- Avoid pollution sources as much as possible.Your primary cleaners should be all natural, such as water, baking soda, white vinegar and lemon juice. If you require a commercial product, opt for one certified “green” by a third party. Avoid artificial air fresheners, which only mask problems and can even exacerbate them. If you want a scent, use flowers or an essential oil like lavender.
- Do not smoke in the home. Force smokers to smoke outside and not near open doors and windows. Secondhand smoke is a major health risk, which is even more significant indoors since the pollutants in smoke can concentrate and have residual effects. Keep in mind that exposure can increase the risk of respiratory infections in adults, and there can be a wide array of other ramifications for growing children.
- Keep the house clean with a regular maintenance regimen. It is better to clean frequently for short periods than let it collect into one big job. Dust regularly using a damp cloth. Always vacuum immediately after dusting. Invest in machine-washable bedding and then wash it weekly, which will have a significant effect on the symptoms from dust mites and other allergens.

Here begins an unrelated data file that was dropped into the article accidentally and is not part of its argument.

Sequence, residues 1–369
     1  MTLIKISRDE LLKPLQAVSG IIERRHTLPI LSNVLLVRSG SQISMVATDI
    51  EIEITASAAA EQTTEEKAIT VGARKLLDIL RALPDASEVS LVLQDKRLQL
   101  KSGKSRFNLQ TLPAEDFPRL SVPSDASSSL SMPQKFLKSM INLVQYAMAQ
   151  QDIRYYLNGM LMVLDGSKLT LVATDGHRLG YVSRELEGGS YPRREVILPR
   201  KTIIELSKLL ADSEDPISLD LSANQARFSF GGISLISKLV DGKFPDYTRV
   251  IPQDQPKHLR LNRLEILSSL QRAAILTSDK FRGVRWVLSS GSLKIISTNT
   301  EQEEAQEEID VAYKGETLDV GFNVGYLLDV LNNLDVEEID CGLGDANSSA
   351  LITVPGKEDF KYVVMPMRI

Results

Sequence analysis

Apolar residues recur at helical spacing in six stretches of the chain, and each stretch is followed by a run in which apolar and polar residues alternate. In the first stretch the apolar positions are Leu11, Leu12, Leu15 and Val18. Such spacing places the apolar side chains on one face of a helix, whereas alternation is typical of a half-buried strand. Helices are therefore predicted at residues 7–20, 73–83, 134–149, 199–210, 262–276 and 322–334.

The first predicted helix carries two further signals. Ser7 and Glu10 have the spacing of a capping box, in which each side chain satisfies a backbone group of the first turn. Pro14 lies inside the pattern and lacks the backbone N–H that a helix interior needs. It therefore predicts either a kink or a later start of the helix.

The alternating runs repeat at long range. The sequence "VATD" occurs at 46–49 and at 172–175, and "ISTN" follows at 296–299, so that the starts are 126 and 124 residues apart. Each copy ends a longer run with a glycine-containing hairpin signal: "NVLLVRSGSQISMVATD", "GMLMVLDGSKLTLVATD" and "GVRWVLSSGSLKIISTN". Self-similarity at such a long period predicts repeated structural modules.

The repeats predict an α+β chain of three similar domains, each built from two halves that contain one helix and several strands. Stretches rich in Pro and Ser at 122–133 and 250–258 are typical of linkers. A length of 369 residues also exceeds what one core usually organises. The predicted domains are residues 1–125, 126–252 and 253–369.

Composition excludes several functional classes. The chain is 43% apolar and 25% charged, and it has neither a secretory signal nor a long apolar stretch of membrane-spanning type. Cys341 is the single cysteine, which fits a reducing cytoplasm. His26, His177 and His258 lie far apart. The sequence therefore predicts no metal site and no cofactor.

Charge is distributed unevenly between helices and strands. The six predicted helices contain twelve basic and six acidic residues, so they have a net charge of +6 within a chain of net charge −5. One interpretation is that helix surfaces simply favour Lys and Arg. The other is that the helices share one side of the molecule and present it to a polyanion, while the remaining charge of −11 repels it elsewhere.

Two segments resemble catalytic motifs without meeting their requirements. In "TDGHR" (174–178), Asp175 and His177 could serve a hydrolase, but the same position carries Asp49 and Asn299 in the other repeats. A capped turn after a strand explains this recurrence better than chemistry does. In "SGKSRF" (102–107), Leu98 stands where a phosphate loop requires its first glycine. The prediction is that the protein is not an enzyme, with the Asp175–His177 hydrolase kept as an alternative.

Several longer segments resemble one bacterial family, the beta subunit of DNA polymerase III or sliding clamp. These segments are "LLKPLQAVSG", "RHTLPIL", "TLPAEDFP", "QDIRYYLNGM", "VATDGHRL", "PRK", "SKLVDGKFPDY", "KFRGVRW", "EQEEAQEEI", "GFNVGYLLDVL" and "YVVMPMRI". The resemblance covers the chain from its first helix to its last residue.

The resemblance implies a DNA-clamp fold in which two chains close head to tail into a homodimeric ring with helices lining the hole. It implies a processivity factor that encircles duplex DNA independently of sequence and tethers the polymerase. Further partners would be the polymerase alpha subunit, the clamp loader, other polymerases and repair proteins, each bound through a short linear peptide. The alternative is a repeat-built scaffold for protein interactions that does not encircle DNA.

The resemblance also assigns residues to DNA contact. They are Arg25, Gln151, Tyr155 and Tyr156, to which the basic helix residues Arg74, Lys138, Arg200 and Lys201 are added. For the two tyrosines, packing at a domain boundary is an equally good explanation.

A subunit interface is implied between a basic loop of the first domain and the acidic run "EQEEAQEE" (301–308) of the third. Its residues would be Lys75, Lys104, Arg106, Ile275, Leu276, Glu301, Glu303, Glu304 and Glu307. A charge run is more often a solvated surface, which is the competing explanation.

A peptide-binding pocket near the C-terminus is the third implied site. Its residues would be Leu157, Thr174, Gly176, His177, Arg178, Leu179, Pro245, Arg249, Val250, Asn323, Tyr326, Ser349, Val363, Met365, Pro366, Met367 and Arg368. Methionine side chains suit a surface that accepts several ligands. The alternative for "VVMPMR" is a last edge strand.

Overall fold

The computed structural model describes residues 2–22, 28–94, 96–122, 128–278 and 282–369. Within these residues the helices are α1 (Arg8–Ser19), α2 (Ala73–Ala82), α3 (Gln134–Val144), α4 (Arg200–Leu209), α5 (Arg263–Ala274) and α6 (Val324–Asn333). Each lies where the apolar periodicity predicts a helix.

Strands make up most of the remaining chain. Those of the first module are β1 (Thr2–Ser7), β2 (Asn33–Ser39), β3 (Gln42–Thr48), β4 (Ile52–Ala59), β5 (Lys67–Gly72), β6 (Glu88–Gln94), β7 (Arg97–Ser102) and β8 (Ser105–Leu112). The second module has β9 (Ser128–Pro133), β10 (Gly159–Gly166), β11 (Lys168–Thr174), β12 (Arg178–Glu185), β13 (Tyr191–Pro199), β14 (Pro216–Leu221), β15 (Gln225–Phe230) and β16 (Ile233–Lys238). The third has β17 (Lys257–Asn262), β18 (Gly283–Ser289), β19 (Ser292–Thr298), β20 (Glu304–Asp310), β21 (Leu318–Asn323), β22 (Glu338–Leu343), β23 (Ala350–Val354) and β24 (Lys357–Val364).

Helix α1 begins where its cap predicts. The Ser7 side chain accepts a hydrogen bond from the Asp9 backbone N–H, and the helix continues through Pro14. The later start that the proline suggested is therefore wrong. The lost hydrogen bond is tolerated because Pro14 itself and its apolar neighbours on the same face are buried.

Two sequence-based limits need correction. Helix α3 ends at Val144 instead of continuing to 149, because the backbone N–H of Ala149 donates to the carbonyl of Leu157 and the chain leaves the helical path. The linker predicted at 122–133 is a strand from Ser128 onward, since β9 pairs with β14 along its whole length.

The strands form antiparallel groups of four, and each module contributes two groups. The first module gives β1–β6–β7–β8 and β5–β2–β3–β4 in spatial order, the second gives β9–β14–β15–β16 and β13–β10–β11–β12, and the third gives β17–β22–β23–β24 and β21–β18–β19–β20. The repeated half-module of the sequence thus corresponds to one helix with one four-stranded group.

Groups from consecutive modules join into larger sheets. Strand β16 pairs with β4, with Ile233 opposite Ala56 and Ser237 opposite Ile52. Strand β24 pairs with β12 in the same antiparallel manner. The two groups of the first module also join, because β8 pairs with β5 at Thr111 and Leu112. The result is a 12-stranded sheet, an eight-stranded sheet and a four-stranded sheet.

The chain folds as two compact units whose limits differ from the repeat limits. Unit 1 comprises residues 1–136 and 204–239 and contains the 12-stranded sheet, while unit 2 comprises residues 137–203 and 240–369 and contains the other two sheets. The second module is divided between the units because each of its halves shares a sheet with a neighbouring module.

- When it comes to pristine indoor air quality, you simply cannot vacuum too much. Carpets are a problem area because they collect dust, which collects a wide range of pollutants. Optimally, you should use a HEPA vacuum cleaner with a disposable bag. A HEPA vacuum is like an air purifier for your carpet, and it can get at the pollutants that the actual air purifier can’t because they aren’t airborne yet.